Much of what follows was a column I wrote 20 years ago, almost to the week. My then-newly declared life partner and I had returned from a celebratory cruise around the Caribbean. We had visited the Yucatan Peninsula, Grand Cayman Island, and Jamaica, and spent a couple of days at sea, being waited on. Not a bad life – for a week.

The crew numbered more than 900 men and women: photographers, room stewards, table waiters, omelet turners, engine operators, and a bunch of other people without whom the week would have been much less enjoyable.

The captain was Italian, as were most of the top-level officers.

Our room steward, a Haitian named Jean Robert, had a talent for folding bath towels into elephants and hippopotami and puppy dogs. He slipped Alka Seltzer under the door one day because someone within had been ill several times during the night.

At dinner, we were served by a team representing Guatemala, Colombia, and Honduras.

Each crew member had his or her reason for taking the job. Several I talked with were like the 27-year-old photographer from Budapest, who wanted to learn English (he’d learned it pretty well, I thought) and make more money than he would at home doing the same work. He plans to work the ship for two years, then go home and be a professional photographer.

But the one who got my attention was a 41-year-old former small-town newspaper reporter from South Africa, who took a job as a photographer on the Paradise because he had reported about “one too many dead bodies.” He noticed the tag on my knapsack, proclaiming my status as a Gettysburg Times staff writer, and thus began the conversation.

Gettysburg: Site of what arguably was the battle that turned the Civil War to the Union’s favor. What was the war about, he asked?

“I guess that would have depended on who you asked,” I said.

If one were a Southern foot soldier, one might have bought into the idea of “state’s rights” and been not entirely wrong. The Federal Government in Washington, D.C. was attempting to tell southerners to stop using slaves. Most rural folks I’ve known don’t care much for the suits in Washington deciding how life should be lived out on the prairie.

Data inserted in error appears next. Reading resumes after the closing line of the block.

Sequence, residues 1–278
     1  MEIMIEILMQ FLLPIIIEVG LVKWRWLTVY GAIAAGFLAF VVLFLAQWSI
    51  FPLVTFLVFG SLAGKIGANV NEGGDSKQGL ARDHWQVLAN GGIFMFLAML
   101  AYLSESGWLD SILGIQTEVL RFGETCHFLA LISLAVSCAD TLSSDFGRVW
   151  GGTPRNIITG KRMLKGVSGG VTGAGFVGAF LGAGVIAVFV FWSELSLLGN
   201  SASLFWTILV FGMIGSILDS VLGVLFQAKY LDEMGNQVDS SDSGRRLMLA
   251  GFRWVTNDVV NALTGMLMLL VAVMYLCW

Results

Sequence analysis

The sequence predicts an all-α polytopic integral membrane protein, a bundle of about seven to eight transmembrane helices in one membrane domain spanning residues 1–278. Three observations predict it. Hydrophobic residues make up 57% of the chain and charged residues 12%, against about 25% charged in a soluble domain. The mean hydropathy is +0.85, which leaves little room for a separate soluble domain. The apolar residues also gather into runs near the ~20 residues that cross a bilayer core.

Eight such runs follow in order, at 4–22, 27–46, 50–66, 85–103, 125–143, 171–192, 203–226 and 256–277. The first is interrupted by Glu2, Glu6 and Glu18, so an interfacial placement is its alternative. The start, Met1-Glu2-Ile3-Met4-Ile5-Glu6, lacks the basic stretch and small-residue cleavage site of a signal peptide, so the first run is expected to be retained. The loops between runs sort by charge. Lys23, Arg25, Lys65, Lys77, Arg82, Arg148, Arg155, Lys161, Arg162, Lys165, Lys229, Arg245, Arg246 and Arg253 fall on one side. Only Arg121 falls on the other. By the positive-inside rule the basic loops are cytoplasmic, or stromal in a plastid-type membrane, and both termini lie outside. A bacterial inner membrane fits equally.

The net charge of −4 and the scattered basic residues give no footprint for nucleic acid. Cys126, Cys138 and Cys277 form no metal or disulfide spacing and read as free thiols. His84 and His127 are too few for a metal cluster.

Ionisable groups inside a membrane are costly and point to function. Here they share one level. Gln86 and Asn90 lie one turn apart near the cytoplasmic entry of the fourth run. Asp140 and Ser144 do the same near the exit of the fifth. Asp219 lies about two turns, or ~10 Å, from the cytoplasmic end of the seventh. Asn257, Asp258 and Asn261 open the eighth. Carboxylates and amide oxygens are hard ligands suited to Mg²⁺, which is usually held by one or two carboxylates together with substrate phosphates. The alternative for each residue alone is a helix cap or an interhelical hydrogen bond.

For their part, plantation owners absolutely objected to Washington telling them to give up slavery; having to pay workers for their labor can deeply cut into the company profits.

Which led to Jack’s next question: Apartheid was only recently ended, but our Civil War was more than a century past. It was easy, he said, to understand why racism still exists in the South African social fabric — but why does it still exist in the United States.

Jack was not being accusatory; he really wanted to know.

It’s something worth thinking about as we stand at the High Water Mark of the confederacy and ponder the event 158 years ago that decided the battle that decided the war that proclaimed what we, as citizens of this “more perfect Union,” stand for.

And yet …

Our news almost nightly reiterates evidence that at least some of us descendants of white European travelers still do not much care for our brethren of African, Asian or Central American lineage.

We have made some progress in the past nearly 200 years. That we are even having this discussion is proof of that.

But one might be forgiven for wondering why, after all these centuries, we still have difficulty realizing we are all one people hurtling through space on the only starship so far known to support continued existence of its passengers.

As has often been said in the past 17 months: “We’re all in this together.”

Thanks for coming along. Comments are welcome. Please share with your folks you think would enjoy it.